The U.S. Senate on Thursday passed the most substantial gun violence legislation in 30 years.
The Senate approved the bipartisan bill 65-33, with fifteen Republicans joining Democrats to pass the measure. Now, the package heads to the House, where lawmakers are expected to vote on Friday.
“Families in Uvalde and Buffalo, and too many tragic shootings before, have demanded action. And tonight, we acted,” President Joe Biden said after the passage, adding, “Kids in schools and communities will be safer because of it.”
The top two Republicans in the House - Minority Leader Kevin McCarthy (R-CA) and U.S. Rep. Steve Scalise (R-LA) oppose the measure.
Scalise said Congress must not infringe on Second Amendment rights in trying to stop violent crimes.
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Even so, the bill is likely to pass the House and become law after President Biden signs it.
Republicans and Democrats are finding a compromise on the most notable new gun legislation in decades.
The bipartisan bill would include enhanced background checks for 18 to 21-year-olds, funding for states that enact their own red flag laws, school safety measures, and stopping a domestic abuser from being able to buy a gun. Although, they get that right back after five years with no convictions.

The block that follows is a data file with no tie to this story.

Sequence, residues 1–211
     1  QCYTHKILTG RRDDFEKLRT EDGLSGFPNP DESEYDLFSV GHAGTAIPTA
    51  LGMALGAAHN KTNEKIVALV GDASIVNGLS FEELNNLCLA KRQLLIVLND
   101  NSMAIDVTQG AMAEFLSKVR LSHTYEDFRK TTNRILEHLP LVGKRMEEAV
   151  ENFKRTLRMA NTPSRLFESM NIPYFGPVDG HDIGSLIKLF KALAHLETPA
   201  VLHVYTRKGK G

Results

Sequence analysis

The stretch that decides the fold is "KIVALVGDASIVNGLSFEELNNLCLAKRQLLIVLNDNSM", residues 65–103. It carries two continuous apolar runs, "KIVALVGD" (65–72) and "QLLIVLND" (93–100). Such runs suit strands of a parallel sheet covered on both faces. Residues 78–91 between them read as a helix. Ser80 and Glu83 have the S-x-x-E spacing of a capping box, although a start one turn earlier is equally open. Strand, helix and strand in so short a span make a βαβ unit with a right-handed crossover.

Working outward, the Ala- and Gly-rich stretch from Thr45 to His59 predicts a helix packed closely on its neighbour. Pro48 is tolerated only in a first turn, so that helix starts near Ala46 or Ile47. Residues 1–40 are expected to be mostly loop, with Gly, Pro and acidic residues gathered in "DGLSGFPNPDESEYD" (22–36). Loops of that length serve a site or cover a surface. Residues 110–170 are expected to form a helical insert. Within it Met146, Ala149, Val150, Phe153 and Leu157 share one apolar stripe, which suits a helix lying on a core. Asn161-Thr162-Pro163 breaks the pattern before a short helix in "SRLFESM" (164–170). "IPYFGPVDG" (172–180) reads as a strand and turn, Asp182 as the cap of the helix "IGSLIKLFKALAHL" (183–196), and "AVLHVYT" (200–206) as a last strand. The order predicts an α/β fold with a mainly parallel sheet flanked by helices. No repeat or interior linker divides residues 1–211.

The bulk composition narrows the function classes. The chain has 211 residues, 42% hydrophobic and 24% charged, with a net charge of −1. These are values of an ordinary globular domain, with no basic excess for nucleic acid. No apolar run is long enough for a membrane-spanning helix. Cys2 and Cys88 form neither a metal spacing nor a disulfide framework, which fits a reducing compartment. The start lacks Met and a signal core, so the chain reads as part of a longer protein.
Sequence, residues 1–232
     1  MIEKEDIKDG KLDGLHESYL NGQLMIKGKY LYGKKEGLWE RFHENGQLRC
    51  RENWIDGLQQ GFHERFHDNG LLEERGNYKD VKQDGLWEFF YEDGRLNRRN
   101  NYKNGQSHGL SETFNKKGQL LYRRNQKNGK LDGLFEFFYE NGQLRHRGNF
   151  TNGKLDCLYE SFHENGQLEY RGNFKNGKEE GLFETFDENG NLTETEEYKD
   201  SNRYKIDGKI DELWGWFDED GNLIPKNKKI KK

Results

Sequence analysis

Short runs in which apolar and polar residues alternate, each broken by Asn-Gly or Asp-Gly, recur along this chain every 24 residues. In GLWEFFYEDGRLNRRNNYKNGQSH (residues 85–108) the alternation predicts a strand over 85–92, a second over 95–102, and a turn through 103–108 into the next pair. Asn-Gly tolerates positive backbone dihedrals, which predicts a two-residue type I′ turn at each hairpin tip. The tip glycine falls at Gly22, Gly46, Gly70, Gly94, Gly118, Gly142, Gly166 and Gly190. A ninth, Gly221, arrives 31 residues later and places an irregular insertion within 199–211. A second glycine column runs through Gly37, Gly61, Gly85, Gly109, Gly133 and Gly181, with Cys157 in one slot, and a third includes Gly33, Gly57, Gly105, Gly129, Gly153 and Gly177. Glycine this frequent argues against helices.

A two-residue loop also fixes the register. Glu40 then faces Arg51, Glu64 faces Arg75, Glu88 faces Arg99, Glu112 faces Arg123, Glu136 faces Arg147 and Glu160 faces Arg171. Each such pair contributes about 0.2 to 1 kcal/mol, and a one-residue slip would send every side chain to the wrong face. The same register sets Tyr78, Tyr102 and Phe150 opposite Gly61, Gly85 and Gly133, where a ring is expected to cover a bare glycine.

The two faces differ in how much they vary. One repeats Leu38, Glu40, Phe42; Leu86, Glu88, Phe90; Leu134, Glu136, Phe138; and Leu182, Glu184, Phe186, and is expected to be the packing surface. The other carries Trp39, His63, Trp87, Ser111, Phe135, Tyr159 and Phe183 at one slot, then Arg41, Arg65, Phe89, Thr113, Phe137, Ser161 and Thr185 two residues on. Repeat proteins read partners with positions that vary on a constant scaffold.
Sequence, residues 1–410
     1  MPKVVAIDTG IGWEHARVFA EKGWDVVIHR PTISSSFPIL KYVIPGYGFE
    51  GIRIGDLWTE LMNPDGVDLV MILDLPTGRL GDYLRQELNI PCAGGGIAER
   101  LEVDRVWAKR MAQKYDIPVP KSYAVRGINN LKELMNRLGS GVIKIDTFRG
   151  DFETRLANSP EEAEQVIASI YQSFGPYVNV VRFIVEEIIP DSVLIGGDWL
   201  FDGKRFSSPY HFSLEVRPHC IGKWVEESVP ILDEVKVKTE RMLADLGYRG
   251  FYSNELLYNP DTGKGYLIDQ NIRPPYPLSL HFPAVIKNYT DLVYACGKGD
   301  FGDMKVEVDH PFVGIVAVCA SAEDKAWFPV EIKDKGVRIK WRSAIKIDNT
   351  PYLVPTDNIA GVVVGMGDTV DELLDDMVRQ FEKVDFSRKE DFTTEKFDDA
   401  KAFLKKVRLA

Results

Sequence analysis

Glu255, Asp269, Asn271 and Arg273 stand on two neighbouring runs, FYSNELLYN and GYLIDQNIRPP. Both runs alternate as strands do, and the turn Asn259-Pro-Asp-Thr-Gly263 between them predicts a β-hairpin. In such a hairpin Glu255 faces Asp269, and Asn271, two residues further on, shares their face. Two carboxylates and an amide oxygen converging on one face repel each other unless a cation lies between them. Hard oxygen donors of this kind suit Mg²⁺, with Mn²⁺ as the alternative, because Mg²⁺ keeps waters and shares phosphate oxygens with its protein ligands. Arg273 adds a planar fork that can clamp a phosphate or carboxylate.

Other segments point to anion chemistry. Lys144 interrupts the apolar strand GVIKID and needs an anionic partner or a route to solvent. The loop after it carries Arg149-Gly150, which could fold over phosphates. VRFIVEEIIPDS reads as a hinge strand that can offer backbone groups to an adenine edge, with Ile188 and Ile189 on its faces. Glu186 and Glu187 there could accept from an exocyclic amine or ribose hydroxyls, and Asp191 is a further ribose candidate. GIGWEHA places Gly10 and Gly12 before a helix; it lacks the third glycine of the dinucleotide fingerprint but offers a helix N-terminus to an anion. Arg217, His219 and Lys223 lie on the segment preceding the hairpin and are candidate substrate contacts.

"A gun safety bill that can be described with three words. Common sense, bipartisan, and life saving," said Senate Majority Leader Chuck Schumer (D-NY).
The changes aren't as sweeping as some Democrats would have liked. But a more extreme bill wouldn't have been able to clear the 60-vote threshold in the Senate.
"This time the Democrats came our way and agreed to advance some common sense solutions without rolling back rights for law-abiding citizens," said Senate Minority Leader Mitch McConnell (R-KY). "The result is a product I'm proud to support."
That statement from McConnell on the Senate floor came as he tried to outline why this bill had Republican support
"It does not so much as touch the rights of the overwhelming majority of American gun owners who are law-abiding citizens of sound mind," McConnell said.
House Democrats have the votes to pass it although it's unclear how many Republicans will join.
One House Republican who has already said he'd be voting yes is U.S. Rep. Tony Gonzales (R-TX) whose district represents Uvalde.
Gonzales cited domestic abuse from his stepfather in a Twitter thread and ended it with "as a Congressman it's my duty to pass laws that never infringe on the Constitution while protecting the lives of the innocent. I look forward to voting Yes"
The National Rifle Association put out a statement slamming the bill saying it doesn't truly address violent crime.
The timeline to pass the bill before the July 4th recess could have the House voting on it this weekend.